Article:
U.S. imports of biomass-based diesel, which include biodiesel and renewable diesel, increased 26% to more than 27,000 barrels per day in 2019, following three years of decline, according to the U.S. Energy Information Administration (EIA).
The rise could be attributed to the increase in renewable diesel imports from Singapore.
Biodiesel is a mixture of chemical compounds known as alkyl esters and is often combined with petroleum diesel in blends of 5% to 20%, or B5 to B20. Renewable diesel comprises hydrocarbon chains that are indistinguishable from petroleum diesel and can be used in existing infrastructure and diesel engines without blending restrictions. Biodiesel and renewable diesel are produced from fats, oils and grease.
Biomass-based diesel is typically more expensive to produce than petroleum diesel, and the consumption of biomass-based diesel is driven by federal and state policies. Biomass-based diesel qualifies as an advanced biofuel under the U.S. Environmental Protection Agency’s Renewable Fuel Standard program, which requires renewable fuels to be blended into the fuel supply. Biomass-based diesel also generates credits under California’s Low Carbon Fuel Standards and is used to meet those fuel standards by reducing greenhouse gases.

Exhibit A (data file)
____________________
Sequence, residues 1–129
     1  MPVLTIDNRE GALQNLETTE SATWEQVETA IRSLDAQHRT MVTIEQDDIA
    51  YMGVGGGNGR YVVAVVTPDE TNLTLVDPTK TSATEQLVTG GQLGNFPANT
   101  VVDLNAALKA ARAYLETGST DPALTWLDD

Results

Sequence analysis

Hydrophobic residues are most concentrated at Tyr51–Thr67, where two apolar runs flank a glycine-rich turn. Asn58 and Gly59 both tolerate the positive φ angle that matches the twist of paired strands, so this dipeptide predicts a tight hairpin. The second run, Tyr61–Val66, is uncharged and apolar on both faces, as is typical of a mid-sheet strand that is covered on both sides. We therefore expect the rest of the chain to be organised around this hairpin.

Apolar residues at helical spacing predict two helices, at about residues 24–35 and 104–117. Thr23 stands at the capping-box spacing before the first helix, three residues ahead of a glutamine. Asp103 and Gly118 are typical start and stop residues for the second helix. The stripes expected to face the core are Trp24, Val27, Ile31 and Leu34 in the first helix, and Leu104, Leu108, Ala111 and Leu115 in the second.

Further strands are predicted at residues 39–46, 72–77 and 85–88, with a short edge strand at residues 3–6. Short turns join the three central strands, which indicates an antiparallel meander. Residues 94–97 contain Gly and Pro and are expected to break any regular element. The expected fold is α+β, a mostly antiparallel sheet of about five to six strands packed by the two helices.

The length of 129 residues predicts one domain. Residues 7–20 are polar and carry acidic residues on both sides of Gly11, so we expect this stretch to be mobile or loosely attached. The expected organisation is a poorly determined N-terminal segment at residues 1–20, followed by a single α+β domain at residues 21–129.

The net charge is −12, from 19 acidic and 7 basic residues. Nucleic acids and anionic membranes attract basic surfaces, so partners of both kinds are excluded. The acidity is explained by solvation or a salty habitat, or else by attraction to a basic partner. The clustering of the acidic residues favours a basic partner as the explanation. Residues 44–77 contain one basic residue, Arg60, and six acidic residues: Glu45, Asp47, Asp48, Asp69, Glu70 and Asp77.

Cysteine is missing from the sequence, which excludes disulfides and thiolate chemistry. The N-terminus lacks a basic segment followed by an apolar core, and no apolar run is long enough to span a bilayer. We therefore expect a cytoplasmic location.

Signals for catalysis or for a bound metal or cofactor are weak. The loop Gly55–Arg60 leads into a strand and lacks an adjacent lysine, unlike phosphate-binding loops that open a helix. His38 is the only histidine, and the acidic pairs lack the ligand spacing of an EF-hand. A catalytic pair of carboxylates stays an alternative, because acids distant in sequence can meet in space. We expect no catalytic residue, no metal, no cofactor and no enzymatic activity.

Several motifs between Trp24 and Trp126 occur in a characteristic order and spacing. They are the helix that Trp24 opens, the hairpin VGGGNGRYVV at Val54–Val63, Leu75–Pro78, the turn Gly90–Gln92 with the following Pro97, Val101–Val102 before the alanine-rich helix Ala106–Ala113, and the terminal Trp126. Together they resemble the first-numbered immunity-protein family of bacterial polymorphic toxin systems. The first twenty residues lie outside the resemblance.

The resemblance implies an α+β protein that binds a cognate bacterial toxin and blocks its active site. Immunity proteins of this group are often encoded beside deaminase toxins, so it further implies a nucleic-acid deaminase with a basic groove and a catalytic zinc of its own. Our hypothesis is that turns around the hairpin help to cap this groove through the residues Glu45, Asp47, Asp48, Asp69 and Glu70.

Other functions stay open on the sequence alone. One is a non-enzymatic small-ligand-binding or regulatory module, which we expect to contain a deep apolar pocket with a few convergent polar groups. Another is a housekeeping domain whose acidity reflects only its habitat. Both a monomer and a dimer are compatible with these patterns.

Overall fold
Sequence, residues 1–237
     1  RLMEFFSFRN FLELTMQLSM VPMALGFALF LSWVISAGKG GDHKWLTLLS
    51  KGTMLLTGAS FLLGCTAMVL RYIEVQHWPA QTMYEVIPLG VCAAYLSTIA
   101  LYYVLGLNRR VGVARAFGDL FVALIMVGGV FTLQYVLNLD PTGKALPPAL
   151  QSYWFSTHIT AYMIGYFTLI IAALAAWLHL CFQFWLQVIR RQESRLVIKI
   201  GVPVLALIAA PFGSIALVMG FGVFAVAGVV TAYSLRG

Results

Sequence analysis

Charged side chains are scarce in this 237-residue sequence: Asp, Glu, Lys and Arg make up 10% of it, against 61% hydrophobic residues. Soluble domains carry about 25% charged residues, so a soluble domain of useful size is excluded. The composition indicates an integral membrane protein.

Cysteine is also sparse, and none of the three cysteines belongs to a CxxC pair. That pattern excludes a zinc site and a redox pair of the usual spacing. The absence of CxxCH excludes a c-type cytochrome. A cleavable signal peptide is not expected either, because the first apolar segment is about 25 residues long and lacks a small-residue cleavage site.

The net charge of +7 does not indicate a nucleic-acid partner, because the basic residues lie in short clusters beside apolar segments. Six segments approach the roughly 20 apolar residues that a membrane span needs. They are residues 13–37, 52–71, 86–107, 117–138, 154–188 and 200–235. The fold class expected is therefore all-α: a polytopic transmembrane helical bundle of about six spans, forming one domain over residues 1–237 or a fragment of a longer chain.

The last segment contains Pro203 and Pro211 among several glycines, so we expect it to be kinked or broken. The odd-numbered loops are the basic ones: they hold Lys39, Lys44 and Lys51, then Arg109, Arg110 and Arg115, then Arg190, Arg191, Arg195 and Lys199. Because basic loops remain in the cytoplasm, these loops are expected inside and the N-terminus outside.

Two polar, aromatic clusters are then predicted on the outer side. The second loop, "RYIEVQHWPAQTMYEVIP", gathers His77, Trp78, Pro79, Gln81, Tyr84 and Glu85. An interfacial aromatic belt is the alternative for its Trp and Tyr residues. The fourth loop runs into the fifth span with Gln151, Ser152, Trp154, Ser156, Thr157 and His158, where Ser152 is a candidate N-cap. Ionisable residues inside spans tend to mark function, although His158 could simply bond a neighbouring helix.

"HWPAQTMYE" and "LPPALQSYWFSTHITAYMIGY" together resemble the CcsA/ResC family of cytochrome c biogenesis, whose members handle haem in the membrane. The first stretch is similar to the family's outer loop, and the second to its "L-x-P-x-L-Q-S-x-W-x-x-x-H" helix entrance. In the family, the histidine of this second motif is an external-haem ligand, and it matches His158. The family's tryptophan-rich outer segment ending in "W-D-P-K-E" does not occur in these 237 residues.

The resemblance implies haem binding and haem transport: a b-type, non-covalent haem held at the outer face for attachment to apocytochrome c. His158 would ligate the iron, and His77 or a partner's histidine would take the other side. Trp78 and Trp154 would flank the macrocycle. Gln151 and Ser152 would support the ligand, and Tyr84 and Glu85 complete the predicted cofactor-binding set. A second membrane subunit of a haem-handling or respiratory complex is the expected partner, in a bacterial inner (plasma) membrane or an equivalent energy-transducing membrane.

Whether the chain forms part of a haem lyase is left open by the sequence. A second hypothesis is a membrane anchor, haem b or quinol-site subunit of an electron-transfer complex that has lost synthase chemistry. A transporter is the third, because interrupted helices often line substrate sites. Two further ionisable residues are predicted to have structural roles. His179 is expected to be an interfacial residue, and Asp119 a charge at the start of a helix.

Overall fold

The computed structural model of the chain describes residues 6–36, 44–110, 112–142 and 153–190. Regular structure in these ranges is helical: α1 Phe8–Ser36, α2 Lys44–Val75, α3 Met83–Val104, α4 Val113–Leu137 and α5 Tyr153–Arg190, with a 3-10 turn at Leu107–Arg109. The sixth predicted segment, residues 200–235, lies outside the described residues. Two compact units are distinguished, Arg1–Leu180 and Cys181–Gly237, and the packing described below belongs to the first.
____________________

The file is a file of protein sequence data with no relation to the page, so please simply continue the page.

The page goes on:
In 2019, most biomass-based diesel imports comprised renewable diesel imports, which have exclusively come from Singapore since 2015. Renewable diesel imports rose 49% to a record of nearly 17,000 barrels per day in 2019. Since 2016, all U.S. renewable diesel imports have entered the United States in California. This is likely for compliance with the state’s fuel standards as renewable diesel has one of the lowest carbon intensities as a means to meet the standards, according to the EIA.
The majority of biodiesel imports came from Canada in 2019, totaling 5,100 barrels per day. The remainder came from European countries. Biodiesel has been imported from Canada to garner U.S. tax incentives and to contribute to U.S. renewable fuel programs.
The rising targets in the Renewable Fuel Standards program have contributed to increased demand for biomass-based diesel in recent years. However, total imports had been falling as a result of decreases in imports from Argentina and Indonesia since 2017, the year the United States imposed import tariffs of biomass-based diesel imports from those two countries. The two countries didn’t export any biodiesel to the United States in 2018 or 2019. U.S. biodiesel imports were flat at more than 11,000 barrels per day in 2019, from 2018.
U.S. biodiesel exports rose 10% to 7,400 barrels per day in 2019, from 2018. Canada received nearly 90% of the exports. The majority of the exports were produced in the Midwest, where most of the U.S. biodiesel production capacity is located. The United States exported about 1,500 more barrels per day to Canada than it imported.
Net imports of biomass-based diesel are expected to rise by 25% in 2020 and by 56% in 2021, according to the EIA. U.S. biodiesel production in 2020 should be similar to 2019 levels.